Voices From The Inside Out: Wisconsin prison destroys books

November 26, 2016

From the November-December 2016 issue of News & Letters

by Robert Taliaferro

prisonPenThe ultimate abuse of authority and the most egregious exenteration of the pursuit of knowledge is when someone in a position of power chooses to destroy books. After the Dominican Friar Girolamo Savonarola forced the Medici family from Florence, Italy, he ordered a mass destruction of books and artifacts in 1497 that he considered heretical. In the early 20th century, as the Nazis took power in Germany, books were burned if they did not conform to the Nazi concept of civilization.

A recent event in a Wisconsin prison paralleled those two actions and trampled prisoners’ rights. It was not about religious or political fervor but rather a personal vendetta instigated by a uniformed correctional officer towards a civilian staff member, with the prisoners—and their books—caught in the middle.


The library was closed for several days as security decided to go through every book. If one was marked, torn or damaged in any way, it was ordered destroyed. All language books or tapes—destroyed. Even items to fix books were ordered out of the library. Donated books that have been in the facility for two decades—destroyed; classics, if damaged—destroyed; dictionaries, if they meet that obtuse classification—destroyed.

I’m furious that such ignorance is allowed to exist and have a position of authority. The end result was that any book in the library with so much as a pencil mark was removed, destroyed and called “contraband.”

My language books on learning devices (tapes, etc.) were ordered removed under the premise that prisoners could use the materials to learn a language in order to speak in code! This obtusely ludicrous reasoning is just another example of how authority is abused in a prison setting.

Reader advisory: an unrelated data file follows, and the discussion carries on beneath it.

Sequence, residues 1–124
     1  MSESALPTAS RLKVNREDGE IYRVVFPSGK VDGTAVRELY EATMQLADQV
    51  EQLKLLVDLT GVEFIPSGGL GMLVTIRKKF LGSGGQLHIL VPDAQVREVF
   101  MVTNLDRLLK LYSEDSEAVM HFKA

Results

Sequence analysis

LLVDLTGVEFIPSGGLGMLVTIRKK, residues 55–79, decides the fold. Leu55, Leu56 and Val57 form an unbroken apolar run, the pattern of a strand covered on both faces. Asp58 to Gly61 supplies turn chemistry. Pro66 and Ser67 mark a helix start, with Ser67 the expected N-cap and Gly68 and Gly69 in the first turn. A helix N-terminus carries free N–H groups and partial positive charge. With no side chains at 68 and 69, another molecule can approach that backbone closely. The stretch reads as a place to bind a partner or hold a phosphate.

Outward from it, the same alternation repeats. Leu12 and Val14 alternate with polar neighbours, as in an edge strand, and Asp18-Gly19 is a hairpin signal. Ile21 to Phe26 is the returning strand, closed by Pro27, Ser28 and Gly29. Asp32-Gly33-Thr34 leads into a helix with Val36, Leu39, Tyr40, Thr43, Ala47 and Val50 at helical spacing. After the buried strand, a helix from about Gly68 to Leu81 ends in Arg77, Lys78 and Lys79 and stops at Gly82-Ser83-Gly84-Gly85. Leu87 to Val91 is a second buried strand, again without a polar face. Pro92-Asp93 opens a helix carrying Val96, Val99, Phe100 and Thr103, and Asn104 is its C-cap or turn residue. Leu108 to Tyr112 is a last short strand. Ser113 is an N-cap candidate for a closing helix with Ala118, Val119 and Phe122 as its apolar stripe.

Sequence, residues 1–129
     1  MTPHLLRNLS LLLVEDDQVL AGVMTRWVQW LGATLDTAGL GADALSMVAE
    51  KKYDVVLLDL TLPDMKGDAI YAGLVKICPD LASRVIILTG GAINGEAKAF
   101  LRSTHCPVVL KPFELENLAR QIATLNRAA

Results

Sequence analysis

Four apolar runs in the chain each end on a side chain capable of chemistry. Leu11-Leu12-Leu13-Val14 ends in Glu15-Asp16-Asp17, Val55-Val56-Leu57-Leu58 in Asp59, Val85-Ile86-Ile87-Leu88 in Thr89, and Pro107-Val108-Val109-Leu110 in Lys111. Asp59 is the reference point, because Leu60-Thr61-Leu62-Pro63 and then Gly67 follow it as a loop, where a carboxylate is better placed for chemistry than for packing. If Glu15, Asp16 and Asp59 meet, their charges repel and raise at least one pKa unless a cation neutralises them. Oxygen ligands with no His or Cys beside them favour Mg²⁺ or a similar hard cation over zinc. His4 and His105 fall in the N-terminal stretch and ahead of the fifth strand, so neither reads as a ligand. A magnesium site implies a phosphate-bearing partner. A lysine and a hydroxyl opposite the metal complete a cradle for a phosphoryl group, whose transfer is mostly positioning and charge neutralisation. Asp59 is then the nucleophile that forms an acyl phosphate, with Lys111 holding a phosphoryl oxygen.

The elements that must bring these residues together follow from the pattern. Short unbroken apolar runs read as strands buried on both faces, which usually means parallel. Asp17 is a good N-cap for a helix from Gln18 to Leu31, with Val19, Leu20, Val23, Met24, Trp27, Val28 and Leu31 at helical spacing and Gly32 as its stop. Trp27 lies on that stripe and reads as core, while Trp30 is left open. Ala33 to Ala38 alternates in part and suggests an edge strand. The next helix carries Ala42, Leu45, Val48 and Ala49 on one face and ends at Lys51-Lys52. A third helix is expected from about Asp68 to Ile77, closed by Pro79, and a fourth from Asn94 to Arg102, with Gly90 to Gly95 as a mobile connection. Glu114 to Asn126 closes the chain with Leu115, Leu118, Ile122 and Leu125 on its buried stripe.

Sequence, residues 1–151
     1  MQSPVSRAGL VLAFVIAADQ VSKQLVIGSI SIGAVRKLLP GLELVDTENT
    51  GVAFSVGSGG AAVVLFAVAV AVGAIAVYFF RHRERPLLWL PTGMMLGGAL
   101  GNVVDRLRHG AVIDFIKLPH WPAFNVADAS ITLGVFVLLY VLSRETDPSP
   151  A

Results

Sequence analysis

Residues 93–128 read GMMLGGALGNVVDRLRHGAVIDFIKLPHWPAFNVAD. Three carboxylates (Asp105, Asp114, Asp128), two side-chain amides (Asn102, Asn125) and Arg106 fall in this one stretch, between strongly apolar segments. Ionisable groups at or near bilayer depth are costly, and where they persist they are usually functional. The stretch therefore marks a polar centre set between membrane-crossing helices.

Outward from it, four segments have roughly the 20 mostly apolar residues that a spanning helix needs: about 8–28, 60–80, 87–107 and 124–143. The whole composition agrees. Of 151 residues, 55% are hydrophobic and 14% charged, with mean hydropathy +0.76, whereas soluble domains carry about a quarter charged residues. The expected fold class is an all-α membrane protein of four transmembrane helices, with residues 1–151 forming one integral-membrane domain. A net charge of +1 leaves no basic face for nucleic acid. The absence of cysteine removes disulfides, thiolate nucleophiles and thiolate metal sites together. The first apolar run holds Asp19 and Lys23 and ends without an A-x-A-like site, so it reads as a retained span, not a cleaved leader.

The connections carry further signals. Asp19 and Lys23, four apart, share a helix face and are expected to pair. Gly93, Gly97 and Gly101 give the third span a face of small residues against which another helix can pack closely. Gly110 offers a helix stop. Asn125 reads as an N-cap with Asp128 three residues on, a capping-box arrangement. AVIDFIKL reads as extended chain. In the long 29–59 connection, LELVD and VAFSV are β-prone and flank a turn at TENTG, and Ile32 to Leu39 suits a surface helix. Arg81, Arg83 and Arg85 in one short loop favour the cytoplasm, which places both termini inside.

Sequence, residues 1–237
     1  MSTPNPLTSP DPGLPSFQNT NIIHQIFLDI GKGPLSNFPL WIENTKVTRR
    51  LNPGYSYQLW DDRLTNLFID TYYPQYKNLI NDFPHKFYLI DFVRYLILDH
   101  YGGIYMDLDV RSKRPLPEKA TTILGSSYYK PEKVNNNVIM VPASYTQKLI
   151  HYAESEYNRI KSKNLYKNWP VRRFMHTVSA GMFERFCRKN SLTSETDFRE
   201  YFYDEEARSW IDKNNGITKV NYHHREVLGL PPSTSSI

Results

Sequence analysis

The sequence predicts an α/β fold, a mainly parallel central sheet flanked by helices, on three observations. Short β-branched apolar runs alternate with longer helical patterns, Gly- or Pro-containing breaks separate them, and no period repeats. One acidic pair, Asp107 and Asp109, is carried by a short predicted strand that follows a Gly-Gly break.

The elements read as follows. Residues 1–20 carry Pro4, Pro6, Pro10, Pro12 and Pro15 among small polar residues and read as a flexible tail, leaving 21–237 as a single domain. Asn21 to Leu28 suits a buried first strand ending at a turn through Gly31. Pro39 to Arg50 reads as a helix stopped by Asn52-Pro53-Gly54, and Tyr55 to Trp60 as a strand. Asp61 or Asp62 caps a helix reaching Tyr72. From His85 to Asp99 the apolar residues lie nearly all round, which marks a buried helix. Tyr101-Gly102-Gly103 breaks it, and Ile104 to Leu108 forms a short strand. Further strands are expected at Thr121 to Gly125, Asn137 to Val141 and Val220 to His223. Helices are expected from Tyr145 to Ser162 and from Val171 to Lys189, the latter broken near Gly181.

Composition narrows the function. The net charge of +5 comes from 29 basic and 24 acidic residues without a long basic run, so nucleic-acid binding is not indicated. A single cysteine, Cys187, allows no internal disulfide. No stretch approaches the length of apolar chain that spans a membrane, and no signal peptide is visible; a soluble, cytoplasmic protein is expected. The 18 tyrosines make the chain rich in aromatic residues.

Education—both self-education and structured education—is one of the primary ways that a prisoner can become aware of their potential and move towards intellectual independence. Education is the key to power. Nowhere is that more necessary than it is for a prisoner. Education teaches us to embrace the idea that we can move beyond our current situation and be better for that move. Yet, in this Wisconsin prison, personal staff vendettas took precedence over educational opportunity.


The end result was the destruction of hundreds of books. Even books and magazines donated by prisoners, community members, or outside libraries were subjected to this process with no regard to their educational or intrinsic value. Once a person gets to the point where they arbitrarily destroy books simply because they have the power to do so, it’s not a far step before they try to limit and punish ideas and the people who hold them.

These were processes used by fanatics such as Savonarola, Hitler, Stalin, Mao and others. Book burnings are a fundamental abrogation of rights that we see in dictatorships and abusive governments around the world. Yet our nation practices such hypocrisy here in the heartland.

To all the fanatics everywhere who burn books or remove them indiscriminately from the shelves of libraries, here’s what Franklin Delano Roosevelt said in 1942: “Books cannot be killed by fire. People die, but books never die. No man and no force can abolish memory. No man and no force can put thought in a concentration camp forever. No man and no force can take from the world the books that embody man’s eternal fight against tyranny of every kind…We know books are weapons…always…make them weapons for man’s freedom.”

When you attempt to destroy books, all you do is add fuel to the fires of revolution.

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